A lot of that spending is in software, with device-based apps, tools for handling data, and database or analytics software getting $10.7 billion in investment from fiscal years 2011 to 2015. The report listed IoT investments into three groups in total: software, infrastructure, and cybersecurity for IoT devices.
Cybersecurity was the second priority, with $8.6 billion in investment, followed by wireless devices with $4.5 billion.
Sensors were also a hot topic. The military’s push for biosensors that can display real-time information about active soldiers and their surroundings lead to a growth from $578 million in 2011 to $1.6 billion in 2015. The majority of government spending on sensors – 88 percent – went to large military contractors like Lockheed Martin and Raytheon. In total, sensor spending has grown 56 percent in the last year. NASA and the Department of Homeland Security are the organizations which contribute most to civilian sensor technology.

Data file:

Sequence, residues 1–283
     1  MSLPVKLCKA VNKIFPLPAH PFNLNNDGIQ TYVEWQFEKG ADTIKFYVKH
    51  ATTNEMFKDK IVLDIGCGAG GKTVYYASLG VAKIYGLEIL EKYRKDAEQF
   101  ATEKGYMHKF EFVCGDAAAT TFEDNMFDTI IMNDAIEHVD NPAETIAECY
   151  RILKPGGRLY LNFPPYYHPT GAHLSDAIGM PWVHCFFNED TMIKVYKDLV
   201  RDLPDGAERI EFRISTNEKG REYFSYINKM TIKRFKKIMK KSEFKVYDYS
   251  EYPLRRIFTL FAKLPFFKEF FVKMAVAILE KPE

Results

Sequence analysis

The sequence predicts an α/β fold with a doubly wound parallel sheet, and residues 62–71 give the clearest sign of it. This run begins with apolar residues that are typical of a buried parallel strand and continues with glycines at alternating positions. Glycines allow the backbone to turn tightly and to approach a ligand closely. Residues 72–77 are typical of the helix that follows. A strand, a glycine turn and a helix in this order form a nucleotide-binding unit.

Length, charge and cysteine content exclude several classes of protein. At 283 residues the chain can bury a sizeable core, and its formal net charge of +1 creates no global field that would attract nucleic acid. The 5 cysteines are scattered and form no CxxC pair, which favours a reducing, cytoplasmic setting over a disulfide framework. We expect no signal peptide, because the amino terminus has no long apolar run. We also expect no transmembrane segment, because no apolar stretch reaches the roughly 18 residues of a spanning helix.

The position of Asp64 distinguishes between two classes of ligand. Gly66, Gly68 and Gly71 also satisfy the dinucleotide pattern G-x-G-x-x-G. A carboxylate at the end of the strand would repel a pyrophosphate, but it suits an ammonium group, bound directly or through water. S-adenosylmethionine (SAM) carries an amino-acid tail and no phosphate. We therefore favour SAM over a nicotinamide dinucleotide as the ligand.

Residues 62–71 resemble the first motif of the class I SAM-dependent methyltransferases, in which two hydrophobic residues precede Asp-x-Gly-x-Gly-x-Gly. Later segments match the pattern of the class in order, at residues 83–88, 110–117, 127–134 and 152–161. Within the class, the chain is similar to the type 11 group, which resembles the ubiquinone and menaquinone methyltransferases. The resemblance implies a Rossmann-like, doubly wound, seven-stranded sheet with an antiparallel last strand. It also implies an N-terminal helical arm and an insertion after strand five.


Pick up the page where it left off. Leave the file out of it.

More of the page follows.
In total, the government spent almost $35 billion on IoT from 2011 to 2015.
Government spending in this area is likely to trickle down to the private sector, too. IoT technology is becoming increasingly used in factories, as operators find new ways to use the data connected to their smart devices. So far, just one country has proposed a nationwide IoT network.